A Worldly Taste for Cheese

I love cheese. It’s been my number-one food group for years, so as a student I loved working at Babcock Hall, where I was, at any given time, fewer than twenty feet from at least ten types of cheese.

Illustration: Irena Roman

Illustration: Irena Roman

When I moved to Kenya, and then to northern Uganda, I knew my lifestyle would change. No sit-down toilets where I lived? Whatever. No steady electricity? Child’s play. No easy access to cheese? Now, that was genuinely difficult. During my six months in Uganda, I ate cheese a total of six times. I usually consumed six ounces by 10 a.m. back in the States.

So when I stopped in at the Dorino Lessos Creameries Cheese Factory in Eldoret in western Kenya, on my way to Nairobi, I was in heaven. The factory is tucked away on the outskirts of town, behind trucks in a construction yard and next to a car wash, which consisted of buckets of water and soap. Once I arrived at the factory, an unassuming building with a green-and-white painted sign, I thought it was glorious.

For the residents I talked with, the factory is a welcome constant. Eldoret, a bustling town of 200,000 nestled in the jagged and beautiful Rift Valley, is known for its talented runners. It’s also the birthplace of Kenya’s second president and was terrorized following disputed elections held in 2007. By late January 2008, more than 1,500 people had been killed during post-election violence, and Eldoret had been the epicenter of much of it. The town, locals told me, was dead, in every sense of the word.

Yet Dorino Lessos hired a local security team and remained open, explained Nixon Kebeya, the factory’s manager, who told me that he’d heard of Wisconsin’s famous cheese curds. He said it was essential that the factory stay open, providing a friendly culture and a sense of familiarity — not unlike the Babcock Hall Dairy Store, where regular customers line up for ice cream.

My visit to Dorino Lessos put my yearning for cheese in perspective. And I made a friend. After my tour of the actual factory — a room about the size of the Memorial Union’s Rathskeller with machines from 1965 that still get the job done — I went over to the register to do some taste-testing. There I met Grace Arita, who was buying milk and cheese. I asked her what she thought of the factory.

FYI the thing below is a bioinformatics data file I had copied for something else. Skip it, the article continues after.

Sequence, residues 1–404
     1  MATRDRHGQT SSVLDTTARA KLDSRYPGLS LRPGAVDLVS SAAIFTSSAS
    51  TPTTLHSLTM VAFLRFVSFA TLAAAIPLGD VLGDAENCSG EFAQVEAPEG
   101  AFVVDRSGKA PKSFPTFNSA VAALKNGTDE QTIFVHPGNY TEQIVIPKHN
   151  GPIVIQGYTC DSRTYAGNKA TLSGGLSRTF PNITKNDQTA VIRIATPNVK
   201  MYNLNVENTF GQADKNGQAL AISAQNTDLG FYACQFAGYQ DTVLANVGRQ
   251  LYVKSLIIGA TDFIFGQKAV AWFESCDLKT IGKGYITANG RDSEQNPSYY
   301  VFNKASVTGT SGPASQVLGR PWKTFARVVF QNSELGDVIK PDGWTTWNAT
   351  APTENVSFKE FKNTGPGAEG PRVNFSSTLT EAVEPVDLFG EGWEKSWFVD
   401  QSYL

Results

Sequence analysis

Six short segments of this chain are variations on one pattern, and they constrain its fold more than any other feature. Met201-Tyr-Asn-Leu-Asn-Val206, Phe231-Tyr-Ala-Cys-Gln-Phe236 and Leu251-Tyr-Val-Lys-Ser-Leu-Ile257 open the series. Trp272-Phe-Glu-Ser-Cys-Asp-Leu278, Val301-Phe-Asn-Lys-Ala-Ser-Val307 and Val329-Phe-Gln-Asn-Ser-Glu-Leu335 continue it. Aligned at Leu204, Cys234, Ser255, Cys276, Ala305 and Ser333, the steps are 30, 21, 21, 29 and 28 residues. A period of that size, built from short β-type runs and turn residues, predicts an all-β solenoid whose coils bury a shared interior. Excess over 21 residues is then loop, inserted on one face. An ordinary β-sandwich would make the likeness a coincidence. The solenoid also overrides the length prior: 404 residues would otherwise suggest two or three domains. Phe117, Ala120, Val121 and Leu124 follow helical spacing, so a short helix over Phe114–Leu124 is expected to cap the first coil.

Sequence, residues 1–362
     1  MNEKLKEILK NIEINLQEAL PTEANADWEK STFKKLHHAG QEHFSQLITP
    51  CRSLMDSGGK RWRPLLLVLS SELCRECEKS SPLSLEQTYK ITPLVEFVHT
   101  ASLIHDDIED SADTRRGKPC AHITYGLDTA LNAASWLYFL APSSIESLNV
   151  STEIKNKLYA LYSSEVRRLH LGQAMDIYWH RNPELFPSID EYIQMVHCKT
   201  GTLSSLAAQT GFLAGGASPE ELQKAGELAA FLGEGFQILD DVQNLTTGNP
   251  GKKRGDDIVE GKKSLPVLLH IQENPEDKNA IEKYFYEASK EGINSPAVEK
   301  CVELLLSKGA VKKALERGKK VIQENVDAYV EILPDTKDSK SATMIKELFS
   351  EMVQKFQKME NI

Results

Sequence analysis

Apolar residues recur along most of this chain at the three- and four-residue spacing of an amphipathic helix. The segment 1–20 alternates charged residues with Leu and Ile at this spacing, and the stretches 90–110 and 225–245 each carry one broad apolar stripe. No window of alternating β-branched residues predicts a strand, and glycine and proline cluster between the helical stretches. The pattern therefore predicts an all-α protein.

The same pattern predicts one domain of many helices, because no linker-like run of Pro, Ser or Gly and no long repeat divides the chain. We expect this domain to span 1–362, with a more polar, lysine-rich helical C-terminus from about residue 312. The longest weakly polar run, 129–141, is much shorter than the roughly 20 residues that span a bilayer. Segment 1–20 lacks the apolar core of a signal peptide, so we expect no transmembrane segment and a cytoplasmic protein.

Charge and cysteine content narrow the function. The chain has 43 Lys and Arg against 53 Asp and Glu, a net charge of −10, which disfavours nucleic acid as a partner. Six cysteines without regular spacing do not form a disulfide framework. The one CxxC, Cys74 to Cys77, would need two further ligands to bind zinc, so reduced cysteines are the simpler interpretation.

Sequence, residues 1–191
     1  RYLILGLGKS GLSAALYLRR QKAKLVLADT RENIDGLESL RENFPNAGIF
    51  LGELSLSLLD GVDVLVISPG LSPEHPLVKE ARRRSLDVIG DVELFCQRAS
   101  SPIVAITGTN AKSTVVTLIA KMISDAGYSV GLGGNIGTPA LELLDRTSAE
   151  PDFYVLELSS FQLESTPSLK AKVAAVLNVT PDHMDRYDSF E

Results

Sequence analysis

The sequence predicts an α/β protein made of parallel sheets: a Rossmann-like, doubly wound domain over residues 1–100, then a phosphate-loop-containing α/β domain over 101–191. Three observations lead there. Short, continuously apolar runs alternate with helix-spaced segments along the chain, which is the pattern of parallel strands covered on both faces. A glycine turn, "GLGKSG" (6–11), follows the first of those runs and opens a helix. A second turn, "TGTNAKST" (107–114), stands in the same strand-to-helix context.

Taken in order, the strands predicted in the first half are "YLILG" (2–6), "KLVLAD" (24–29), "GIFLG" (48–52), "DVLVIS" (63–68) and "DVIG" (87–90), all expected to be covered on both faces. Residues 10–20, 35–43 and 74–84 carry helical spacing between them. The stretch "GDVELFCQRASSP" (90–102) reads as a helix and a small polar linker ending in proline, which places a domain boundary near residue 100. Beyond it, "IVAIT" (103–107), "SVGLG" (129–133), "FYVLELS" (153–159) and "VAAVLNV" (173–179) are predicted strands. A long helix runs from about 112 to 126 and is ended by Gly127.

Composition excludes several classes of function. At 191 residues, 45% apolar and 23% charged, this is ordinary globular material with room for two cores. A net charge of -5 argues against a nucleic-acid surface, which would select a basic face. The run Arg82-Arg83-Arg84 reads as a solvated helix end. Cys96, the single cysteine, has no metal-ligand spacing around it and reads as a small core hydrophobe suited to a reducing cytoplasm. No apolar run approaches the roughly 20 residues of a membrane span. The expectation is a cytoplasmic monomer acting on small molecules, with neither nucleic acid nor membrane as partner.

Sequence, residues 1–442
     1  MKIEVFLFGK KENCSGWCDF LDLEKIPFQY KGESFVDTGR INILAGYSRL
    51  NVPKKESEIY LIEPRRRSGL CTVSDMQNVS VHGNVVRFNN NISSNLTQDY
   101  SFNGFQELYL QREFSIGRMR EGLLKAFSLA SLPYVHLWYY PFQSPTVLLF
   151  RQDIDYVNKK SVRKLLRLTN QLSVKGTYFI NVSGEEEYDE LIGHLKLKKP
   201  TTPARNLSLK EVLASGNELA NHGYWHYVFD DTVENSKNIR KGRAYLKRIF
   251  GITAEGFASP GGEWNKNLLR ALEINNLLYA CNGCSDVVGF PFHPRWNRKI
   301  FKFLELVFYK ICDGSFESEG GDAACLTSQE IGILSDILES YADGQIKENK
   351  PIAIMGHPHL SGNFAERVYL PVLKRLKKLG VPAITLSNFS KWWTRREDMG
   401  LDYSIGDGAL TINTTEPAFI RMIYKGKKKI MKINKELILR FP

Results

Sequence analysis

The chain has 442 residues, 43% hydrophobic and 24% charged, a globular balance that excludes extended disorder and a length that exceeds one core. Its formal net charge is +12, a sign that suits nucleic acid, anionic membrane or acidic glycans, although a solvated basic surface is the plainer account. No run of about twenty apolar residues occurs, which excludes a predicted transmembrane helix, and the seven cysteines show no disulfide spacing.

“It’s the best,” she said, as we high-fived to celebrate our mutual adoration of Cheddar.

Minutes later, as I was concluding my tour of the factory, which receives twenty thousand liters of milk from local Kenyan and European farmers each day, I approached Arita again and asked what else I could do in Eldoret.

“You come home with me,” she answered, and that’s how I spent the rest of my day. I sat in the back of a sedan as Grace and her husband, Charles, took me to their home seven kilometers outside of Eldoret. As we drove, they talked about the “Gateway to Violence,” the road to their house on the outskirts of town that had been blocked by rioters. They showed me charred, black buildings adorning a hilly, green backdrop. Across from their house stood a field where groups had congregated with arrows and machetes. That’s when they fled, they said, spending three weeks with a family friend. They returned, but had to leave again seven days later when a political figure was killed and the violence flared up again.

“You see it in newspapers, but when it happens to you, it’s different. You’re shocked,” Charles said.

I, too, was shocked. Although six months had passed since violence overtook Eldoret, clear evidence — both physical and emotional — remained. Yet Kenyans are resilient; as we arrived home, the Aritas and one of their three sons assured me that Eldoret was back to normal. For one of the first times since I’d been in East Africa, I experienced a typical family environment. I watched The Little Mermaid with their son, took a welcome shower (my hotel didn’t have running water), ate fresh avocado, and drank Kenya’s typical tea, which was mixed with the milk Grace Arita had bought a few hours earlier. We bonded, and now I have great friends in Eldoret, all thanks to my visit to Dorino Lessos.

For an area people commonly associate with earlier violence, my memories are of a neighborly culture, warm people, and cheese.

Thumbs up to Eldoret and its people. And, hey — a big high-five for cheese.

During 2007 and 2008, Laura-Claire Corson ’07, former managing editor of the Daily Cardinal, volunteered with an HIV-positive orphanage in Kenya and for a non-governmental organization in northern Uganda that tests for and counsels people about HIV.

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Published in the Fall 2009 issue


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